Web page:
The Octagon House

Posted on October 8, 2019

The Octagon House in Washington, D.C. was a home with an interesting floorplan and design. The house was once the temporary home of then-President James Madison and his wife Dolley as the White House was undergoing reconstruction due to the fire that burned a good portion of the building during the War of 1812. While it remains one of the more notable landmarks in our nation’s capital, the stories of hauntings and spirits roaming around continue to be told even to this day. Is it true that long after her death, Dolley Madison continues to stay around? Are there the sounds of screams and whispers still being heard near the stairwell? These are just a couple of questions that are usually asked when people intend to visit the Octagon House. We will dive into the history of the house and talk about the stories of how it might be one of the most haunted places to visit in Washington, D.C.


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The home was constructed in Washington to be the home of John Tayloe III. At one point, he was considered to be one of the wealthiest Americans during the post-Revolutionary War era. At the outset, he planned on building a home in Philadelphia since it was closer to Baltimore and other major places of interest personal to Tayloe. As word got around with his intent to build, William Augustine Washington III (who was married to Tayloe’s sister Sarah) persuaded John to construct the home on the outskirts of what was Washington D.C. at the time. Today, the home sits in the Foggy Bottom neighborhood of the city. He commissioned William Thornton, who was also responsible for designing the U.S. Capitol building, to design the house for him.

Tayloe was also a relative of George Washington, who was made well aware of Tayloe’s plans to construct the home. It was Washington himself that suggested that Thornton would be responsible for the architecture of the Tayloe home. The home was six-sided (despite the name “Octagon House”) and was made from bricks and was designed with some of the most innovative features at the time (like a closet for every room including the kitchen). The doors were made from mahogany while the rest of the home was made with some of the best materials that would make the house stand out as luxurious.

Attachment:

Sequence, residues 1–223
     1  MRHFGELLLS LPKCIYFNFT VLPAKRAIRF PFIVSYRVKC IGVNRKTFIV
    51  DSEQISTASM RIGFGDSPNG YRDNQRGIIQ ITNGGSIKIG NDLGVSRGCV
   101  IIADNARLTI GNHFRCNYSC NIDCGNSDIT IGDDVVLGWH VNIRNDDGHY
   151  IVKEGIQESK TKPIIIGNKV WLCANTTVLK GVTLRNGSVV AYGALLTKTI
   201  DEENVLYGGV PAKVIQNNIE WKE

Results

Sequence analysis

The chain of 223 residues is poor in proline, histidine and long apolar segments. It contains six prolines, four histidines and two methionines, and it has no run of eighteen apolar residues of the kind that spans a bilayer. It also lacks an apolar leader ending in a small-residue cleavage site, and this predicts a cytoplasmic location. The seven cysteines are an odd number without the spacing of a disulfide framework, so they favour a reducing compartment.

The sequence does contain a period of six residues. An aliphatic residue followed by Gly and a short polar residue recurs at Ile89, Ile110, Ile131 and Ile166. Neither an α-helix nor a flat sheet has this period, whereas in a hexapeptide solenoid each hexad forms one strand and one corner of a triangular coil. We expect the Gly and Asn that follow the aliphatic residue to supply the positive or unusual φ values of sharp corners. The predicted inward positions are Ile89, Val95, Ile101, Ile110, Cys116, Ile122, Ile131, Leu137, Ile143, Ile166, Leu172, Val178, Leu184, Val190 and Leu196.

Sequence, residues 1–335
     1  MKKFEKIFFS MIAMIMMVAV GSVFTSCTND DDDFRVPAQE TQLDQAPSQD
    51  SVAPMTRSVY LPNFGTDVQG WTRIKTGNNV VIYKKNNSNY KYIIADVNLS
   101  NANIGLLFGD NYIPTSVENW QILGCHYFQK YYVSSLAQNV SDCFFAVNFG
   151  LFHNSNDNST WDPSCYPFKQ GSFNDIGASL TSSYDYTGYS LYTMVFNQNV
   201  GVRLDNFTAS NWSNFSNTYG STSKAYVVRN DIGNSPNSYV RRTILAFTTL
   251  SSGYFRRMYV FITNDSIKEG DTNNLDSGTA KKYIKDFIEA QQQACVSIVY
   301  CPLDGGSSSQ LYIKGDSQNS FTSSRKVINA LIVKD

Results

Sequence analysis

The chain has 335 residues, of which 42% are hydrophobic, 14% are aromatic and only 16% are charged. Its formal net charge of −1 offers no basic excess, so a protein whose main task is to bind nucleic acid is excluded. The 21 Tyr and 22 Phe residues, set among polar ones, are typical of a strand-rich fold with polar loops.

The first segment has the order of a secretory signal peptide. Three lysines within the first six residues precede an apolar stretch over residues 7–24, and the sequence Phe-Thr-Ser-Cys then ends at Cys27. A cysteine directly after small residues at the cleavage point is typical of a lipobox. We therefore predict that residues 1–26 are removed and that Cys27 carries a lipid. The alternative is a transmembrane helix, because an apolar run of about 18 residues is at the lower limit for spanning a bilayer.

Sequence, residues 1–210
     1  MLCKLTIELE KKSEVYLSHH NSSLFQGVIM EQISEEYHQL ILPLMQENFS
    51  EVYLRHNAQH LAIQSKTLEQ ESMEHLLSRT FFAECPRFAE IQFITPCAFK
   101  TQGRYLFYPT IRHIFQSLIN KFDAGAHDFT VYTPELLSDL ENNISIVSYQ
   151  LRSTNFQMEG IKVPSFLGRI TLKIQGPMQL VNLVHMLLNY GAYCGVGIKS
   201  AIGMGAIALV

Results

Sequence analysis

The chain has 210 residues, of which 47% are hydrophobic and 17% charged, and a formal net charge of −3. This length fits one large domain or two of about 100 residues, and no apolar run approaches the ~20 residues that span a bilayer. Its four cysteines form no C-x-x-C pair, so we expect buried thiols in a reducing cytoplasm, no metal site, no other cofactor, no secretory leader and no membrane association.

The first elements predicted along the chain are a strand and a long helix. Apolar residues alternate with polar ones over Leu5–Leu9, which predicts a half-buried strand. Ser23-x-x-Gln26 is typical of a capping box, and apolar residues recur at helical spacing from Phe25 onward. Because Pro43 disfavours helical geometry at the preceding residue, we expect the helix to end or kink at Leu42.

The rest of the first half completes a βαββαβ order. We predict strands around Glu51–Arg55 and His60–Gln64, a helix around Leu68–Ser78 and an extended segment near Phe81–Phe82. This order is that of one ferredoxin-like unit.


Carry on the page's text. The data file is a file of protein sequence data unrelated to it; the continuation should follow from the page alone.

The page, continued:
The Octagon House was home to John Tayloe III and his wife, the former Ann Ogle. During the War of 1812, Ann Ogle Tayloe offered the residence as a place for the French Consulate. At the time, she intended to spare the house from destruction since the British had already burned the White House down. Because of the extensive damage, James and Dolley Madison were residents of the Octagon House and had paid $500 for six months of rent. While Tayloe III was a Federalist, he was not solidly in Madison’s corner politically. But he remained loyal to his country in the War of 1812 serving as a Colonel in the Virginia Militia. The Octagon House also served as the backdrop for the signing of the Treaty of Ghent, which ultimately ended the war between the United States and Britain.

In 1828, Tayloe III died while residing in The Octagon House. His wife Anne would live another 27 years before dying at the house as well in 1855. The Tayloe children would begin to rent out the house to various tenants soon after their mother’s death. At one point, the house served as a school and even was used by the U.S. government throughout the 1870s before it was later reverted back to a private residence for families. It wasn’t until the 1890s when the American Institute of Architects would outright purchase the house in 1898. They occupied the building as their main office until it was named a national landmark in 1960.

Conversion Into A Museum